Today, NGOs released a leaked letter to World Bank President James Wolfensohn being circulated among investment banks seeking to block approval of a report whose recommendations would strengthen environmental and social conditions at the World Bank. The investment banks letter comes as the World Bank Group weighs adoption of the report, known as the Extractive Industries Review (EIR). NGOs have urged the banks that have endorsed the Equator Principles to end their effort to block the EIR, and to support its recommendations.
The Review concluded that the poorest people in developing countries were being harmed rather than helped by extractive industry investments. The Review offers a set of recommendations that the World Bank should follow to increase development effectiveness, and proposes that the Bank use its limited funds to invest more in renewable energy and phase out financing of oil and coal projects. On April 2, 2004, over 100 Members of Parliament worldwide spanning the political spectrum and the European Commission called for the full implementation of the EIR recommendations.
The Equator Principles have been endorsed by 20 investment banks and are a set of environmental and social guidelines for project finance linked to the World Banks standards. The Principles preamble emphasizes the role banks can play in promoting environmentally responsible stewardship and socially responsible development.
Its outrageous that Equator Banks would consider opposing recommendations designed to benefit the poor, particularly since thats the World Banks mission, said Michelle Chan-Fishel, Program Manager of the Green Investments project of Friends of the Earth US. We call on the Equator Banks, particularly Citigroup and the leaders of this initiative, to honor the spirit of the Equator Principles by publicly supporting the EIR recommendations.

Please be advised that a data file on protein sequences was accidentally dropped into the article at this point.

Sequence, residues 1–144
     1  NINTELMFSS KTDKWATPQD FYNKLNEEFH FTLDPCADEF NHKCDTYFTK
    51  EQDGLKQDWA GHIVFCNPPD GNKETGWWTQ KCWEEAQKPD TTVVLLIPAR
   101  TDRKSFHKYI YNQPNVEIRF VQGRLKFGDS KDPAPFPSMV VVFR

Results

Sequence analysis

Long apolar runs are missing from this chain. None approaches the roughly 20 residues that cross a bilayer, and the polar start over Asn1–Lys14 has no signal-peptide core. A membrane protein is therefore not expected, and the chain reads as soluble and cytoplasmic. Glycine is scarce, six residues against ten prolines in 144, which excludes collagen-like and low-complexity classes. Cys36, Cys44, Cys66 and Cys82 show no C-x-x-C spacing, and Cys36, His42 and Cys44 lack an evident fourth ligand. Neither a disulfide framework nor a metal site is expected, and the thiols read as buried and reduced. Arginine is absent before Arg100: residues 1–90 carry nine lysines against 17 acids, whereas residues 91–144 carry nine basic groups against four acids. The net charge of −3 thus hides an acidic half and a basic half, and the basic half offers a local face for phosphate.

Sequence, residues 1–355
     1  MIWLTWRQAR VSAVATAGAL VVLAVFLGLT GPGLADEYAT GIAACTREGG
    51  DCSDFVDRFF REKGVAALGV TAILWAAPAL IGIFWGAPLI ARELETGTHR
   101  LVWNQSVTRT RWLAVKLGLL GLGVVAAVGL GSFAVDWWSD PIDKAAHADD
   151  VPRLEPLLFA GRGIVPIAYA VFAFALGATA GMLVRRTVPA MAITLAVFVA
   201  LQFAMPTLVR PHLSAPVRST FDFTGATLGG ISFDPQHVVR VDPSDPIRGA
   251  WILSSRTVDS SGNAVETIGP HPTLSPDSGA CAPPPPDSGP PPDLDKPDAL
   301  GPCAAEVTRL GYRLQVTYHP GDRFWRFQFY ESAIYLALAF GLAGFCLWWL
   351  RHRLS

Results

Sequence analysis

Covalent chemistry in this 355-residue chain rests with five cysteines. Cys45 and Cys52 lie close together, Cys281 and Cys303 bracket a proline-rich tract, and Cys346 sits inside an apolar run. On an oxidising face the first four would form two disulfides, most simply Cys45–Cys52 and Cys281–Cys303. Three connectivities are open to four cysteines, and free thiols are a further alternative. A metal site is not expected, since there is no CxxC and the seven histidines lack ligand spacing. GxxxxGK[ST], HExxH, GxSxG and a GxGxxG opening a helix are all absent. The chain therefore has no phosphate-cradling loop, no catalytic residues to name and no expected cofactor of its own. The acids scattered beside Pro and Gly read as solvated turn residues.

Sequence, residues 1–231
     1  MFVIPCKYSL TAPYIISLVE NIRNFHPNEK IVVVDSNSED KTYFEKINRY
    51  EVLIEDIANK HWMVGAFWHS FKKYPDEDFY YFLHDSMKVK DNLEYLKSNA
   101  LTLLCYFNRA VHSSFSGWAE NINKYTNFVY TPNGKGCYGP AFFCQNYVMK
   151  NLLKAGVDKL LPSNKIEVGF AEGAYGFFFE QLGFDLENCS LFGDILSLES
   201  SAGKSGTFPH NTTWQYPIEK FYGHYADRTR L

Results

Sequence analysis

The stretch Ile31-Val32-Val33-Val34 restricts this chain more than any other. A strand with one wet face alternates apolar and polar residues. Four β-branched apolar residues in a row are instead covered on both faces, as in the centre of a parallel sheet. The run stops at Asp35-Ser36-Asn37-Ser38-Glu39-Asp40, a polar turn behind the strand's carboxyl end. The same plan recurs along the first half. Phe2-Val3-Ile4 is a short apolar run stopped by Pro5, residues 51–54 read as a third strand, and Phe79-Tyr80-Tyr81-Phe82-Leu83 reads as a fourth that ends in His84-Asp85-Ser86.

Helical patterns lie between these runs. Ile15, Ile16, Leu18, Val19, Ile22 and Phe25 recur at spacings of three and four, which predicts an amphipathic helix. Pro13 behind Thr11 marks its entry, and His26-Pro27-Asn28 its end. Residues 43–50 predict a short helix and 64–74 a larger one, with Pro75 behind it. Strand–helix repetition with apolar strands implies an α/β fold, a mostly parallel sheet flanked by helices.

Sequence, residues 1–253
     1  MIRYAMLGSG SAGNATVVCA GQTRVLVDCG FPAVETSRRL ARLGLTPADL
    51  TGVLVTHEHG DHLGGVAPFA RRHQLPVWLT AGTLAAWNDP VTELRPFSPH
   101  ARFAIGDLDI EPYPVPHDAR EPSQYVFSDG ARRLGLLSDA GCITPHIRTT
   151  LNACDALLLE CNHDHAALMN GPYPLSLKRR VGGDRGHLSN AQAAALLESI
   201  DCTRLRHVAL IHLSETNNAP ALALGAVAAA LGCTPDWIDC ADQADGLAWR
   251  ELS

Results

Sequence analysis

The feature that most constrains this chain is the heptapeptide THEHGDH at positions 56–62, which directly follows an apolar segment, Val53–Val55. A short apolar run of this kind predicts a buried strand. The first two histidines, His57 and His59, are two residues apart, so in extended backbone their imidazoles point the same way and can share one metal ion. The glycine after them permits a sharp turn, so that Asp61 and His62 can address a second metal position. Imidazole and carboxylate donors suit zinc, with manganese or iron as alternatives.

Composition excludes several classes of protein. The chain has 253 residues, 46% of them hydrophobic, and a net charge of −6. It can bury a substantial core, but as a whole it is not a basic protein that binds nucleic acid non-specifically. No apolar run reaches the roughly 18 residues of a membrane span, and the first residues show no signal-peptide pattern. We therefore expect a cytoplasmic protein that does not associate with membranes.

The Equator Banks are acting like wolves in sheeps clothing, said Daphne Wysham, a fellow with the Institute for Policy Studies. Though wearing the outer trappings of higher standards, this letter reveals the Equator Banks actually trying to impede the World Banks attempt at implementing higher social and environmental standards.
The letter, which was not yet signed by the banks, was leaked to members of the BankTrack network. In a December 2003 letter to Equator Banks, BankTrack specifically called for the creation of a joint accountability mechanism that could promote accountability among endorsers and play a positive role in strengthening World Bank environmental and social standards.
The Equator banks letter to Wolfensohn holds up the controversial Baku-Tbilisi-Ceyhan (BTC) pipeline in the Caspian region as a model project in terms of environmental and social standards. But according to a document leaked to the UK-based Sunday Times, BTC Co. may have hidden safety concerns about the pipeline in order to secure financing for the project.
"The BTC pipeline underscores the need to strengthen World Bank standards and policies in the extractive industries, as reflected in the EIR, said Francis Grant-Suttie of WWF in Washington. Full adoption of the recommendations will mitigate the risks inherent in projects like BTC. It is in the best interests of the Equator banks to support, not oppose the Extractive Industries Review.
The letter opposes the notion that robust country governance should be a precondition of World Bank investment. It also expresses concerns with the concept of free, prior and informed consent and with the proposal that the World Bank phase out funding for fossil fuels by 2008.
RAINFOREST ACTION NETWORK STATEMENT ON EQUATOR BANKS AND THE WORLD BANK EXTRACTIVE INDUSTRY REVIEW